attention management

In the last year, I’ve repeatedly come across folks (especially fellow developers) sharing their experiences with diagnosed ADHD as an adult. After a lifetime of speculation, I’ve read enough now to say I am dead certain I have undiagnosed ADHD. Since many folks have very outdated and narrow views of what that means (and I was recently still in that camp), I’d like to elaborate for you on my personal experiences. I want to be clear I’m not attempting to write a guide to self-diagnosis, I’m just putting words to how I clearly see myself in others’ descriptions of it.

It’s very easy for me, now, to cite how ADHD affects me daily. Here’s over a dozen ways I wrote down as fast as I could type:

  • Things that are uninteresting to me are literally physically discomforting to work on. (Exhibit A: 90% of all homework, ever.) Caring deeply about it is irrelevant.
  • Things that are interesting to me I can sit uninterrupted working on for literally days. (Exhibit B: Most web and community work, which thankfully people like paying me to do.) Again, caring about a thing and my brain being tickled by it are not the same thing.
  • My brain tries to prioritize tasks by interest. It can take an entire agonizing day just to convince it to switch (or not even then).
  • I have trouble tracking & not interrupting conversations that go on for a while. I narrowly stopped myself from interrupting with an embarrassingly ridiculous non-sequitur just last night.
  • Meetings that exceed an hour are excruciating & physically exhausting to me. Topic doesn’t matter.
  • For any class or talk without visual aids, I have to sit right in front of the speaker to have any chance of focusing.
  • It is challenging for me to start new projects because I have trouble “finding” the start.
  • My emotional reactions to things can be very challenging to control, especially in person.
  • I cannot remember to do anything “in 5 minutes” ever. My short-term memory is nearly non-existent.
  • If I look annoyed when you start speaking, it’s because you interrupted something I know I’ll forget now.
  • I put a lot of effort into controlling my social media consumption with mixed results.
  • I fidget / tap my feet constantly to concentrate to the point I require carpet under my desk to code.
  • My tea drinking (and previously Altoid consumption) is primarily an excuse to change focus & move.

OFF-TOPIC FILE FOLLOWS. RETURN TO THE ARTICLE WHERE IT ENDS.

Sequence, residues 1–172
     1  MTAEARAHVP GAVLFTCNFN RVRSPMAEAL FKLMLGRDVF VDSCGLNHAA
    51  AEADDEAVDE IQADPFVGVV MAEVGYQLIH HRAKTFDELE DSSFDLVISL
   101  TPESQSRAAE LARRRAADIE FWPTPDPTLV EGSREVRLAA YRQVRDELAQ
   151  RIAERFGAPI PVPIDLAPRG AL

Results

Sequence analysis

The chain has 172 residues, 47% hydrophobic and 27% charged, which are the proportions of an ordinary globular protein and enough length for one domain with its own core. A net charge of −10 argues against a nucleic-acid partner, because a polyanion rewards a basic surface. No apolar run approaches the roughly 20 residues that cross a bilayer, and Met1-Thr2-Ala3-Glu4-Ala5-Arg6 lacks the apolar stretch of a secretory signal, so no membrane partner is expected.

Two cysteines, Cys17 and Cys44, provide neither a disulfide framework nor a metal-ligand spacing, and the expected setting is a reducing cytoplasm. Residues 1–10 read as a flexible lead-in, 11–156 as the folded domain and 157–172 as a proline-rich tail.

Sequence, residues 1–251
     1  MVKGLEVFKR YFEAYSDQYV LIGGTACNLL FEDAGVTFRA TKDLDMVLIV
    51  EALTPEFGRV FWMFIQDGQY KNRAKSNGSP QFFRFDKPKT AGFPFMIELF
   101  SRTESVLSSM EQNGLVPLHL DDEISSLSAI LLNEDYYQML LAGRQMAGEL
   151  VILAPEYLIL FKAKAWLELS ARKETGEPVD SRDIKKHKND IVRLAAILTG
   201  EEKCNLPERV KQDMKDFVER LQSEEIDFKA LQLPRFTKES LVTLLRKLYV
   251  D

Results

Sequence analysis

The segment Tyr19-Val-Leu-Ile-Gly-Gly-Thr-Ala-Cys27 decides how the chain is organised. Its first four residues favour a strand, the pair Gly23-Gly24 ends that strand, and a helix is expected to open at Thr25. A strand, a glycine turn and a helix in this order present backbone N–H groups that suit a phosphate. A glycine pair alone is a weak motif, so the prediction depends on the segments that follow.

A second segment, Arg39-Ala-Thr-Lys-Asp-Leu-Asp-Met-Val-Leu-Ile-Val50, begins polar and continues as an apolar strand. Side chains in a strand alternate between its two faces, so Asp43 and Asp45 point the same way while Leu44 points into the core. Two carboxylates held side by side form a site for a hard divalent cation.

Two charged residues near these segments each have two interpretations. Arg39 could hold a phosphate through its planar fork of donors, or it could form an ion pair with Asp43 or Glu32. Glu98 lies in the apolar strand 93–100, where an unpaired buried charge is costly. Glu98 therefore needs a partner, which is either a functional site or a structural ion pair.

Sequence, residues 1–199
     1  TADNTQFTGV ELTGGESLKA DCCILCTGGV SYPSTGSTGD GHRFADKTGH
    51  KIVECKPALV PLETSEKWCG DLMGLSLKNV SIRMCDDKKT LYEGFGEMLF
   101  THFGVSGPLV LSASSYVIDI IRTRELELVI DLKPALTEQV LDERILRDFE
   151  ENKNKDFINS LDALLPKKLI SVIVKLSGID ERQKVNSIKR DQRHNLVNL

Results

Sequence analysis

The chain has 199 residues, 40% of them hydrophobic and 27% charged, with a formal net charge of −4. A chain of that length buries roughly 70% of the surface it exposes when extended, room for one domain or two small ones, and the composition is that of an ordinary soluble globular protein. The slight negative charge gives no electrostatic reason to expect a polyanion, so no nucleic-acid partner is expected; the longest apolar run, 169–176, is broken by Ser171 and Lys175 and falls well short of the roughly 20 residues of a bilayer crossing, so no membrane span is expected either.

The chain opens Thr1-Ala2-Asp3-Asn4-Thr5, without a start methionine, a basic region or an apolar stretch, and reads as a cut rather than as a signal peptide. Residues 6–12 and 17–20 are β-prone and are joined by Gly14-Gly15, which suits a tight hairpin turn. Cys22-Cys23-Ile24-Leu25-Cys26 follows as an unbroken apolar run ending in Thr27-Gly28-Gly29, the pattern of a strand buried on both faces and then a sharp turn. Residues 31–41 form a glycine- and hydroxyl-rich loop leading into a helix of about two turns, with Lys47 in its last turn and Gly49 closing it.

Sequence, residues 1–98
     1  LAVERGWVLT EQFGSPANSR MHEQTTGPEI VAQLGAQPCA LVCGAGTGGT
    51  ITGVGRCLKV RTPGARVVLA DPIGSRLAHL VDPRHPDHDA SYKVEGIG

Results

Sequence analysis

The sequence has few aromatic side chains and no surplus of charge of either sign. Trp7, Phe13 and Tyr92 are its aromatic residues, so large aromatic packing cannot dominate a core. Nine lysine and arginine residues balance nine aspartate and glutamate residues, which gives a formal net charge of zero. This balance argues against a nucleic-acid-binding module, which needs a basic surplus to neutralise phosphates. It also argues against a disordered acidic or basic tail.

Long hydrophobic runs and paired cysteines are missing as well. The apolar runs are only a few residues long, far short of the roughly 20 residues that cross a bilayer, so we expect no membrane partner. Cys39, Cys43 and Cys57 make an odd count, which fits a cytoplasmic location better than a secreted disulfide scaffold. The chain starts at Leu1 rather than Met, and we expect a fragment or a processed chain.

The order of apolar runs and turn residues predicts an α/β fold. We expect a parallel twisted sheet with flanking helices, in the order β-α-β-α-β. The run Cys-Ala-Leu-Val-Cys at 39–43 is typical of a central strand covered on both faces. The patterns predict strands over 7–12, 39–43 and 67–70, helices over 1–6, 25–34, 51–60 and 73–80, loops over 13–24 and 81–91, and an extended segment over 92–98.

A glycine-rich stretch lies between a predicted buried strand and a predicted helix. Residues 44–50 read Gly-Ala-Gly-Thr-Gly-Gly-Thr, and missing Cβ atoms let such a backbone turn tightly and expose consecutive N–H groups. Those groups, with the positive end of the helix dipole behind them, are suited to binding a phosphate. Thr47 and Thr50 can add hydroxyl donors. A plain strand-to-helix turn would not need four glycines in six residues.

• I will always think of one more thing at the last possible minute.
  • Hyperfixations? Let me tell you about Magic: The Gathering. (Or, don’t, if you wanna do anything else today.)

I used to joke about how bad my listening skills are. I’d somewhat proudly tell people that while I got 99th-percentile on every other category of standardized tests, I consistently bombed any Listening section with a 60%.

None of these things are personality defects or a sign I don’t care about something. I’ve never used them as an excuse. I tried just as hard on the Listening section of those tests as every other. It’s just the basic state of how I’m wired, and anything that I do better than that is me fighting against it and using techniques I’ve learned to compensate, like meditation and writing.

I got thru college by buying a new legal pad per class (god help me if the pages became unattached), and writing chronological notes thru every class to both stay focused and give myself something not-boring to study just before the test (and I’m counting “reading my notes 2+ times” as studying). I once missed a major test because I simply forgot it existed. I only passed the course because the professor believed my terrified apologies and let me re-take it for full credit, including giving me extra days to study.

Even today, my desk is dominated by different-sized notepads full of non-consecutive notes and towered over by large dry-erase boards to capture my ideas and priorities before they’re gone, or to help me brainstorm & free-associate my way to starting a project.

I can’t google ADHD without coming across a list of workarounds I discovered on my own. “Drop zones” for items to deal with later, buying multiples of things (like scissors) so you can stop looking for them, or even just forgiving yourself for buying books you just can’t seem to get into. You gotta let it go and move on.

At my last job, I can see pretty clearly now these qualities are the things my boss fixated on. He even constantly knit-picked at me for how I compensated for them. The way I functioned was wrong to him, and what I did to work around it was wrong, too. He used that as a pretext to constantly question how much I cared about my work, which hurt a lot, and made me feel like I was a bad person for not functioning the way he did. So it surprised me none to learn that folks with ADHD are susceptible to gaslighting, too.

I hope me sharing this helps folks identify similar traits in themselves or others they care about.

The latest discussion I read if you want to see more:

UPDATE: My mom has reminded me I was, in fact, diagnosed with “mild ADHD” sometime around Kindergarten age. They chose non-medication interventions at the time, which I am grateful for given the medications that were available then (~1990). I am currently considering pursuing a new diagnosis to investigate what’s available today.

The pursuant conversation about routine as an intervention further reminded me that I still to this day eat Honey Nut Cheerios every morning (unless planned otherwise the day before) to sidestep executive dysfunction when I’m groggy & hungry because it can seriously derail my entire day. I also get irrationally upset when there’s no milk in the morning, so now I keep strudels in the freezer (non-perishable, see?) as a back up. A great deal of my life is an elaborate ADHD workaround, and I’m mostly fine with that.

UPDATE 2: I cried when I found out Rejection Sensitive Dysphoria is a thing. Holy shit, it me.